The leaves are changing and starting to drop, signaling the end of the mowing season. While you might have a few more tasks in store for your lawn mower (like picking up all those leaves), it's time to start thinking about preparing it for storage over the winter.
In this article we're going to discuss all the steps to properly winterize your zero turn mower. It's not the most exciting task, but it will help to ensure your mower is ready to go as soon as spring rolls around.
This is a crucial step to ensuring there's no rust or erosion on the frame and working parts of your mower.
Built-up debris from the mowing season can wreak havoc in the nooks and crannies of your mower over the course of months. This can weaken the frame and other important components.
A thorough cleaning should include all of the following:
The first step in prepping the engine for the winter is to change the oil. This prevents any buildup in the oil from forming deposits within the oil pan or the engine itself. It's also one less thing you'll need to do when getting your mower ready in the spring.
Many zero turn riding lawn mowers utilize a hydraulic system for steering. Most recommend that you change this fluid every 300 hours or so. It's not absolutely mandatory to change this fluid for winterization, but it does ensure that you'll be starting the mowing season with all your bases covered.
Follow the manufacturers instructions for properly draining and replacing the hydraulic fluid in your mower.
Next you'll need to take care of all the gas left in the engine. This keeps the fuel from getting gummy or eroding the internal components of the engines.
There are a couple of choices here. You can either drain the fuel completely or fill the tank with fuel combined with a fuel stabilizer.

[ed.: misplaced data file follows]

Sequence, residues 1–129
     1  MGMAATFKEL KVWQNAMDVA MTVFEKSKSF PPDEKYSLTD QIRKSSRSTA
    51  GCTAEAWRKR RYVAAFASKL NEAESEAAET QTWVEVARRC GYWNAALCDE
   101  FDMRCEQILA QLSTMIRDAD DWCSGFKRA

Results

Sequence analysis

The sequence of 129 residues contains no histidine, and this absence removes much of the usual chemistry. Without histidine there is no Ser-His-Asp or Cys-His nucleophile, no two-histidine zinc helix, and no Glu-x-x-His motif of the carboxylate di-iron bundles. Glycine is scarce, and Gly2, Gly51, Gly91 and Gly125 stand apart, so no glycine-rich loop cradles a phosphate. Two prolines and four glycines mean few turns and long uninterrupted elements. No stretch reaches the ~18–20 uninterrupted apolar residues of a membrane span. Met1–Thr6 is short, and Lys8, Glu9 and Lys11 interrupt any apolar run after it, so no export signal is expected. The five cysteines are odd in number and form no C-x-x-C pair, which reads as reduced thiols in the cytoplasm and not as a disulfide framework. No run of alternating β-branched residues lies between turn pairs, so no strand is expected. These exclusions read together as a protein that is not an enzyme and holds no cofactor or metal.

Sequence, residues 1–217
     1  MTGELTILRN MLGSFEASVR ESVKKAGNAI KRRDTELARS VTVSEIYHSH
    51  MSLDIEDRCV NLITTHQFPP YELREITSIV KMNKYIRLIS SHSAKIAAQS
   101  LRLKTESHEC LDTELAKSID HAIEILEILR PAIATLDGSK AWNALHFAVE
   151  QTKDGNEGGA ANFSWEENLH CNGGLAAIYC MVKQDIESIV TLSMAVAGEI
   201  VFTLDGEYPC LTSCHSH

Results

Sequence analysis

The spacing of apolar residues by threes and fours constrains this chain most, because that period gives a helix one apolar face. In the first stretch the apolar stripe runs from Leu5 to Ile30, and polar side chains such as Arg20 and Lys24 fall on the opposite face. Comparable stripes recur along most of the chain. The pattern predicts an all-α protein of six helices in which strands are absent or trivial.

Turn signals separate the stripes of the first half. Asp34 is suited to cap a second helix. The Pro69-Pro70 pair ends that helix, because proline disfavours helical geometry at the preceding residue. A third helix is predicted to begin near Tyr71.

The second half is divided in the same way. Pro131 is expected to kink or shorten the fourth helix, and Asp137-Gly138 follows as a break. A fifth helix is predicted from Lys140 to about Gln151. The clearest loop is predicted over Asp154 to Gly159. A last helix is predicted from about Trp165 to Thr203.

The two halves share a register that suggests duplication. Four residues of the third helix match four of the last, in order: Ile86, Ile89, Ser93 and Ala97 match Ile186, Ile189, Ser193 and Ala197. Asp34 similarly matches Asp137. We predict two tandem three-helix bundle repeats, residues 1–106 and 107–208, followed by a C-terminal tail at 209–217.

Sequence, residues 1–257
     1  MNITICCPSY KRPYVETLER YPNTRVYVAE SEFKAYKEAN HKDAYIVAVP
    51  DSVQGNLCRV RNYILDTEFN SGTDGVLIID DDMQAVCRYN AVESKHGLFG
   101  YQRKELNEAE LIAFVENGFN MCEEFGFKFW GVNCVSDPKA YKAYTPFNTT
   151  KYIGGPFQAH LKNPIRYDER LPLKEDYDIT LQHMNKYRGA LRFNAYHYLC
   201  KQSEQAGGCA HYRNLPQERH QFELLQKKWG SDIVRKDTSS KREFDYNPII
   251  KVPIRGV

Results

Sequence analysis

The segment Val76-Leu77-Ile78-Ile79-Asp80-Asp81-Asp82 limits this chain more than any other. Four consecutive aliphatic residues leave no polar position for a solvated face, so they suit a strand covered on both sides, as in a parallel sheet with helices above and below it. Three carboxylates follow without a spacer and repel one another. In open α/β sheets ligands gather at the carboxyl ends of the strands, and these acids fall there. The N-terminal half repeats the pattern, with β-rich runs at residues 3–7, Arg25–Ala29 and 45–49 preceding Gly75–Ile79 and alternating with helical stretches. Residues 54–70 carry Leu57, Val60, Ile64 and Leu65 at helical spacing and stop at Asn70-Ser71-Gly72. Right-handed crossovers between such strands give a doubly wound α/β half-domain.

Though it's not our favorite method, draining the fuel costs nothing. The easiest way to drain the fuel is to just allow the mower to run until it completely runs out of gas. You can help it along by siphoning fuel from the tank back into a storage container. While this method is OK, it can still leave small amounts of fuel in the engine.
Our preferred method is to fill the tank with combination of fuel and stabilizer. Here's what you do.
Before stowing your mower make sure to either disconnect or remove the battery. If you're storing the mower in a shed it might be easier to remove it entirely so you can charge it every couple months.
This helps to extend the life of the battery and ensure quick starts. Another option is to just start the mower every couple of months and let it run for 10 minutes or so.
To disconnect the battery follow these steps:
You can also take this time to clean the terminals if they've become corroded. Here's an excellent article detailing the steps.
Keeping your mower dry is a great way to extend it's life. Whether you store it in a shed, barn, or in your garage during the winter season cover it with a tarp. This will keep dust and debris from building up on the mower.
While performing this type of maintenance might seem tedious it can help to extend the life of your mower. Plus, when spring rolls around you'll be ready to start mowing in no time.
Jason is a work from home dad who has a passion for DIY projects, yard work, and SEC Football. His background is IT, but he's always fancied himself as a part-time ship welder, landscaper, and short order cook. During the week he can be found on his laptop 10 hours-a-day, but on the weekends he escapes to the local DIY Cave to play with REAL toys.